Adaptation and remediation : the role of the media in the dissemination of phrenology

Daskalova, Mila (2020) Adaptation and remediation : the role of the media in the dissemination of phrenology. The Journal of the Edinburgh Bibliographical Society (15). pp. 61-82. ISSN 1752-0320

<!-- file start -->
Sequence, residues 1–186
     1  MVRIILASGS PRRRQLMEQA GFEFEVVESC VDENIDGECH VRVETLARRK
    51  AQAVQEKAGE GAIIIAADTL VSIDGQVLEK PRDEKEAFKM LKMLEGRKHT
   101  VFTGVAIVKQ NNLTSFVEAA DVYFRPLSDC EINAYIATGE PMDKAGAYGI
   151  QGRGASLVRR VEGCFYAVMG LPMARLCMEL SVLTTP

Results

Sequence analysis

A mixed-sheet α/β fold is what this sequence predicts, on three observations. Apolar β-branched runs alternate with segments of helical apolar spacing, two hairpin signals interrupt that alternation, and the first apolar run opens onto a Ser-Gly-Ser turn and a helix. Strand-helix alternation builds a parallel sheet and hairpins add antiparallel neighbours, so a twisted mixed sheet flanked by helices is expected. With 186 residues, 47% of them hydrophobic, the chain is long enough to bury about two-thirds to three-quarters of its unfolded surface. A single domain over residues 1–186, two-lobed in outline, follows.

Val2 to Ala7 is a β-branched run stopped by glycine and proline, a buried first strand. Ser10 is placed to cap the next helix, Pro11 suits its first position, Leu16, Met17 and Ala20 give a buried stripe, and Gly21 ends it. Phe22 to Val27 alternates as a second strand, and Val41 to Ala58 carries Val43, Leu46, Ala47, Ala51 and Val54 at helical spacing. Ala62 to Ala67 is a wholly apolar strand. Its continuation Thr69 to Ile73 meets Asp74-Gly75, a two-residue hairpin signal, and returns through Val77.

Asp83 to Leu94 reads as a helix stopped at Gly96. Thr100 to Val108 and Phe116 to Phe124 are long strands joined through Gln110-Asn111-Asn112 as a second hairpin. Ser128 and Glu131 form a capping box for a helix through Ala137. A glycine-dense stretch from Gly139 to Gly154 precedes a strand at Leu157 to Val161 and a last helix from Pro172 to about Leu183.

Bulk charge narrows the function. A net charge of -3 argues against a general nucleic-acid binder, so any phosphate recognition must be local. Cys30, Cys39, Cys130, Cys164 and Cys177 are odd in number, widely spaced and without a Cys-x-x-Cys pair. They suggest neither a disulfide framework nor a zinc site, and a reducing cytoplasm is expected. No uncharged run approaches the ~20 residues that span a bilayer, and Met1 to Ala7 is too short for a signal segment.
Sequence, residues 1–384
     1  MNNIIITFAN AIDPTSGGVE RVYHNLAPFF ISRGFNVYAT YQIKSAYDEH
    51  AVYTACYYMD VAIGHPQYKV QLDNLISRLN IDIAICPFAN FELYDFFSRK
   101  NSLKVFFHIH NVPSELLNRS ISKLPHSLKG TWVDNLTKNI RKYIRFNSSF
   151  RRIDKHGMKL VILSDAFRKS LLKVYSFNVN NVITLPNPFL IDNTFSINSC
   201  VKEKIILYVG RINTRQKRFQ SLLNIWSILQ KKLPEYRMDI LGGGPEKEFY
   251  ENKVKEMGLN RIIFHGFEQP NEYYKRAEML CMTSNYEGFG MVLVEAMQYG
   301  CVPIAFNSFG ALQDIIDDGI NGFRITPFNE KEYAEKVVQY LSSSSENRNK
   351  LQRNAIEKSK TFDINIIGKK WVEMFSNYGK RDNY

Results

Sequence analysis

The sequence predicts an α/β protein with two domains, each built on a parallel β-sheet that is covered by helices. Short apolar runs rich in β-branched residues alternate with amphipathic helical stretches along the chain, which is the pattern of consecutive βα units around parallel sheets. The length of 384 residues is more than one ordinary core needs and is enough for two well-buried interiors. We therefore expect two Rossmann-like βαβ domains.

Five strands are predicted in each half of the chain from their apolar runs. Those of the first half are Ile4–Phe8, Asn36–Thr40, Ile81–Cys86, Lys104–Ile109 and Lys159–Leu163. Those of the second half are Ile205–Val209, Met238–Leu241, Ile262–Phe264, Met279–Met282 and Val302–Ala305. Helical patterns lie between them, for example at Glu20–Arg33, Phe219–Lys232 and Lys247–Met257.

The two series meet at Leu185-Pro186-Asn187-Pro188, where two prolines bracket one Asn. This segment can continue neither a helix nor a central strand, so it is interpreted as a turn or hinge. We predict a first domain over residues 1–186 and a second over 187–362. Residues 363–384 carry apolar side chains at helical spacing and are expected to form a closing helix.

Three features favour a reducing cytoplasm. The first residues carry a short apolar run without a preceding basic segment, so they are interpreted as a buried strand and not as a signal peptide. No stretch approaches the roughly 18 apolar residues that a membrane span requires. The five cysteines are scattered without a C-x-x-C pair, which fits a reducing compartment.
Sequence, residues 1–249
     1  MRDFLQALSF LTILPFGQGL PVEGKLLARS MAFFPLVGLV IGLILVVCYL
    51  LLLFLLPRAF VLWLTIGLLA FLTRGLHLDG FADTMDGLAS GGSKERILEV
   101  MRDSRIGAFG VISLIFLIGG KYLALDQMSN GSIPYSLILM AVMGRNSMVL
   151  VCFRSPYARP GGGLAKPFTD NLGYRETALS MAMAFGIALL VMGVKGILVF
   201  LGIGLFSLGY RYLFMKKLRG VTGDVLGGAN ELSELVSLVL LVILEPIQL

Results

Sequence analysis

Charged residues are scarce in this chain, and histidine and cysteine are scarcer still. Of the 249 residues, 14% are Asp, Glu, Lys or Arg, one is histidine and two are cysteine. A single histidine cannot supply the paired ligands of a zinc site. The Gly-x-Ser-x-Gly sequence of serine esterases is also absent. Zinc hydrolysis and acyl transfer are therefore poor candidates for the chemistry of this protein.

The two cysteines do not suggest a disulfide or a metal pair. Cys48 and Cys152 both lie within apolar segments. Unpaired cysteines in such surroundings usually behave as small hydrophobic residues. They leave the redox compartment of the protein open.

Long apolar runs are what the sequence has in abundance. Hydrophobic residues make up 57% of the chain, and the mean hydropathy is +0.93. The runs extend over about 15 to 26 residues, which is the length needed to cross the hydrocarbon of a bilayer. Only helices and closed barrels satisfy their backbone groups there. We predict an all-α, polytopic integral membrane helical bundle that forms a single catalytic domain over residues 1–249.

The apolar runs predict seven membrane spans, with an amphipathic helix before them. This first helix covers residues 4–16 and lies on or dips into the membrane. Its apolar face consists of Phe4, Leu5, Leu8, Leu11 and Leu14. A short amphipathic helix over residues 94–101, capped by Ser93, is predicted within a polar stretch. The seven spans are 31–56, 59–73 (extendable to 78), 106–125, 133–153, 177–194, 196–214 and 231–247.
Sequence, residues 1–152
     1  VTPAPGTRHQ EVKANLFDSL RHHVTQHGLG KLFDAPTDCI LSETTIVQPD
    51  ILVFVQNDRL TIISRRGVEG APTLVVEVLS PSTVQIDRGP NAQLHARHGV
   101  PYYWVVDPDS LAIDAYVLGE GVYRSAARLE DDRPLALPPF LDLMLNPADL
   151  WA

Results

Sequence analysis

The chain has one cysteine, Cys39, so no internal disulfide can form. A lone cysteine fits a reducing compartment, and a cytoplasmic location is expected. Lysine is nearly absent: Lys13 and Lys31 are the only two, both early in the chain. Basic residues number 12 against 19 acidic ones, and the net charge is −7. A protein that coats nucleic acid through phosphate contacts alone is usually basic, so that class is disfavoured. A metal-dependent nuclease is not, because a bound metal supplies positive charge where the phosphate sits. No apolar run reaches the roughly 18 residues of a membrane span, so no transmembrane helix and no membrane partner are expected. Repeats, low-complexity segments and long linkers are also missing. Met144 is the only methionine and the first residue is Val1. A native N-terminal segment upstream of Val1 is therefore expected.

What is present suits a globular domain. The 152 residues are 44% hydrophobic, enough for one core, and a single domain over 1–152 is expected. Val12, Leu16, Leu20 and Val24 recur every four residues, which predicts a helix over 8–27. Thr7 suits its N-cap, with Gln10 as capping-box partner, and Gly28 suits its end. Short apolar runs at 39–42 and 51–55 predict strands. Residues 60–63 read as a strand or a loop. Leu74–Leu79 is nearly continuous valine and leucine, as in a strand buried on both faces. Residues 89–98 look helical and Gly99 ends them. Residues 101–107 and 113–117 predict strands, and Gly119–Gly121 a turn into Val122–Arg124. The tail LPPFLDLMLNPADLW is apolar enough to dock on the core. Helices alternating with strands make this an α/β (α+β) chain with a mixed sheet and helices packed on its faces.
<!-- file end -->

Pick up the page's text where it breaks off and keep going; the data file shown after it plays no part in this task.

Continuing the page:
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Although never unanimously recognised as a respected science, phrenology was a highly influential and far reaching socio-political and intellectual phenomenon that attracted followers from all walks of life and informed discussions about prison reform, psychiatric practice, and the establishment of national education. The fact that The Constitution of Man in Relation to External Objects, the work of Edinburgh phrenologist George Combe, became one of the best-selling books of the nineteenth century is indicative of phrenology's popularity. What made phrenology so appealing was its promise of self-knowledge, self-improvement and access to absolute truth. The question of how phrenology managed to reach its audiences in order to make these promises, despite its flawed scientific justification and the open hostility of the intellectual authorities, is also crucial to understanding its omnipresence. Terry Parssinen has suggested that 'phrenology's success as a popular movement was due […] to its omnipresent lecturers and profuse cheap literature', but without reflecting on how and why they came to be omnipresent and profuse. John van Wyhe has offered a more detailed account of the diffusion of phrenology, arguing that public lecturing and word of mouth were the main means for spreading the science and highlighting the importance of personal contact in both forms of communication. Phrenology's dissemination through print has also been examined: special attention has been paid to The Constitution of Man, and James Poskett has recently expanded the project to global contexts and texts, tracing the international circulation of phrenological books and periodicals